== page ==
A breastfeeding mum writes

In the last week, many changes have happened in our family. Baby R has turned 1, going from a baby to a toddler, and with this milestone I too have changed – from a breastfeeding mum to an extended breastfeeding mum.

This has been an interesting transition. I have been aware for a while that my choice to continue to breastfed my now quite large and wriggly infant has met with some disapproving looks when out and about, and some family members have not been discreet in sharing their opinion that it is time to stop. It is a strange feeling that something that was once encouraged and praised is now frowned upon. This amazing gift which was once ‘natural’ and ‘beneficial’ and ‘miraculous’ is now damaging and strange and freaky. And just to make sure there is a clear distinction between the ‘good’ breastfeeding and the weird breastfeeding, someone has decided to give it a different name.

It occurred to me whilst thinking about this that there aren’t many good activities that get re-labelled when you decide to do them for a little bit longer. When I go swimming, I normally try to do 30 minutes of lengths. Sometimes I can barely manage this, but sometimes I have a little bit extra energy and try to keep going for another 5 or 10 or 15 minutes. Never once has a lifeguard approached me at the end of the 30 minutes and said “are you sure you want to continue extended exercising?”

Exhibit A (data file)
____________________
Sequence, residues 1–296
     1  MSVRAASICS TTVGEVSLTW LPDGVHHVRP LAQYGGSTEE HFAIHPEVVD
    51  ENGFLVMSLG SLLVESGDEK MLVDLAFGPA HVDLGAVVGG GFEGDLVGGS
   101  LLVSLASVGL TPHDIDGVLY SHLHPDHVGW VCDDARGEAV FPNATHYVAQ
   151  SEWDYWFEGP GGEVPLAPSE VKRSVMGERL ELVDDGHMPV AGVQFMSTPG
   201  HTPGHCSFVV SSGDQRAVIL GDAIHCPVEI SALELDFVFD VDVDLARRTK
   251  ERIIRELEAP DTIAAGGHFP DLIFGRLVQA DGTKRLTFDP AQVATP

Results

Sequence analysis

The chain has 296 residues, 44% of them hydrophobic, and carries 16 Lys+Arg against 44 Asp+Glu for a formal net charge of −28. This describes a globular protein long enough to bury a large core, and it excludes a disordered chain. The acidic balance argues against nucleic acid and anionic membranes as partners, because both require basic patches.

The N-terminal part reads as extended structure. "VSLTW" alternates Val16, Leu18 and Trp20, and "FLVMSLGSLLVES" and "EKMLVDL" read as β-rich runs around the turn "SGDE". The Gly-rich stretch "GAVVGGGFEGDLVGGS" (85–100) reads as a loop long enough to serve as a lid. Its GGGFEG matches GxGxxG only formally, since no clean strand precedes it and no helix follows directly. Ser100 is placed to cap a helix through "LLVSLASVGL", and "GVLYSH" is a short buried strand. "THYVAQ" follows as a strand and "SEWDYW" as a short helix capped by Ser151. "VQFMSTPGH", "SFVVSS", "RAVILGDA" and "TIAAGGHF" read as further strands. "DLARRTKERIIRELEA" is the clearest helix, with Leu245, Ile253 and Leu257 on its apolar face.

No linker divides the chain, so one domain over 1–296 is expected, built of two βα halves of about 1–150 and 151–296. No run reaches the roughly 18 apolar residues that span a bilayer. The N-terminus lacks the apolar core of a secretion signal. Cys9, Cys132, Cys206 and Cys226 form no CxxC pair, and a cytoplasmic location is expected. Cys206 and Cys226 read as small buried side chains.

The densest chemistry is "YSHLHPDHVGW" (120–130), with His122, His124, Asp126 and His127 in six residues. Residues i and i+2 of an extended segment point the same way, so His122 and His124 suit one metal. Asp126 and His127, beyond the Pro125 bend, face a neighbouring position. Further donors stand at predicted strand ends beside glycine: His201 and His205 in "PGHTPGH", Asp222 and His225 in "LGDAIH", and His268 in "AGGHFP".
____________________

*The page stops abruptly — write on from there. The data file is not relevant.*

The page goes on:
I’m sure that if you’re reading this then you’re probably familiar with the breast vs bottle feeding debate, so I won’t bore you with details of the beneficial components of breast milk, or the bonding and attachment opportunities of feeding from mum, or the money and energy efficiency of direct breast feeding; just some of the reasons why I value and continue to breastfeed. I will, however, remind you that only 1% of babies born in England are breastfed beyond 6 months, despite the widely reported (and WHO recommended) benefits of breastfeeding for the first 2 years of life.

So I’ve decided that whilst I am elated at being able to continue breastfeeding my son, I am not so happy about becoming an extended breastfeeding mum. Instead I have chosen to just be a mum who is breastfeeding, plain and simple.


2 thoughts on “A breastfeeding mum writes

  1. Oh I completely agree with this! Why can’t it just be breastfeeding plain and simple? There shouldn’t be anything “weird” about breastfeeding your child for as long as they need it.

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